In the city, space is a premium - especially space that could grow a garden.
But there's a growing movement of urban farmers and gardeners who want Brisbane's city dwellers to understand that any space is enough to grow vegetables and even raise bees - from backyards and verges to balconies and rooftops.
Urban beekeeper Jack Stone and gardener James Blyth both came back to Brisbane after time overseas with myriad ideas about improving the city's urban gardening culture.
Mr Stone founded his company Bee One Third with a friend in 2012, putting beehives on the roofs of local businesses to bring more bees into the city.
Five years later, looking after the 150 hives he now has around greater Brisbane and northern New South Wales is a full-time job.
"Often people who have these buildings don't quite know how to best utilise them," Mr Stone said.
But for the cafes and corporate companies that now host beehives, Mr Stone said they have found it very rewarding.
"They produce about 200 kilograms (of honey) per hive per year, which allows them to do quite a bit from their rooftop," he said.
"Instead of giving out a branded pen they give a 500-gram jar of honey to their most-cherished customers."
Mr Blyth started an urban farming co-operative before pausing the project while he takes a gardening class at Bulimba State School, said rooftop gardens are a great idea but there is plenty of other space people can use if they want to start their own vegie patch.
"You don't need much space at all, it all depends on how much food you'd like to grow of course," he said.
"A lot of people, they'll plant a garden out and let it sprawl all over their garden horizontally - you can imagine a cucumber vine or pumpkin that grows and takes a lot of space - but if you can train that to grow vertically it takes almost none."
Mr Blyth said it was even possible to grow vegetables on balconies, and that method even had some benefits.
"If you grow your herbs and greens they're very shallow-rooted, you don't need much soil," he said.
"Sometimes it's better; you don't have as many pests if you're up high on a balcony."
These small gardens have another bonus: they provide food for all the urban bees.
"Here in the city there are people from different cultures living in a highly populated, densely packed area," Mr Stone said.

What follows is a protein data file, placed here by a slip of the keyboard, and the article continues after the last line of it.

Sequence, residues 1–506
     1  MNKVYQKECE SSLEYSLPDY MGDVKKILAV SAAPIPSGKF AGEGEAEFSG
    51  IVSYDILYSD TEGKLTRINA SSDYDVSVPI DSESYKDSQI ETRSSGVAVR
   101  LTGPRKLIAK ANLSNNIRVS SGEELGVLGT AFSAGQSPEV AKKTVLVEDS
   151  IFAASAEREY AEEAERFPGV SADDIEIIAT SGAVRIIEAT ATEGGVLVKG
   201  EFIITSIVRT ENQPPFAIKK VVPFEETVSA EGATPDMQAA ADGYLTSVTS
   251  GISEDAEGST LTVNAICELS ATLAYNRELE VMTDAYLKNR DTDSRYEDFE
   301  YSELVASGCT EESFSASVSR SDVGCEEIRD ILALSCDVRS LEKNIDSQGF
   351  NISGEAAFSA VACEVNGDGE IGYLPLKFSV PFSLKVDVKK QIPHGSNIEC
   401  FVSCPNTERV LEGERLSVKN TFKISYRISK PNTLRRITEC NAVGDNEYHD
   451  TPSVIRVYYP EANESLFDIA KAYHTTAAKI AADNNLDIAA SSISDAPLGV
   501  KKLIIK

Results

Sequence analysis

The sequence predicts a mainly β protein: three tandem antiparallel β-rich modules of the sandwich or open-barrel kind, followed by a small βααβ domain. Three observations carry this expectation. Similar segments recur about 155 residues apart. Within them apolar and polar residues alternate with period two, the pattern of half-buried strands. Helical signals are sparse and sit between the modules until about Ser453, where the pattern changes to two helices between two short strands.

"Every single one of those people is going to either have a front garden, have a back garden, or plants on their porch.
"So there turns out to be within a five-kilometre radius of each of our beehives here in the inner city - which is how far bees fly, five kilometres from their hive to collect food - there turns out to be a plethora of food for the bees, and a really diverse and eclectic range of food for the bees to eat."
This morning, we are proud to deliver on a project that has been in the works for over 6 months. We hand over the housing of our bees to none other than the stunning @hiltonbrisbane, #elizabethstreet. Proud as punch that our girls get to drive #Brisbane pollination in the heart of the City! #brisbaneanyday #localecology #localhoney #localpollination #pollination #hiltonbrisbane #brisbanebees #seasonalrelocation #speingbeekeeping #foodforthought
And while commercial beekeepers in the country need to move their hives every two or three months, Mr Stone said his inner-city hives can stay put.
"The bees live here year-round, they understand their environment, they understand their area ... and they search those areas out," he said.
For people wanting to experiment with a small urban garden, Mr Blyth said he definitely recommended growing greens.
"The more we can grow at least our greens in the city, that's a huge saving in fossil-fuel emissions for all the transport," he said.
"It's really fast growing, it doesn't take a lot of space, and it makes a lot of sense because the fresher it is the better it tastes."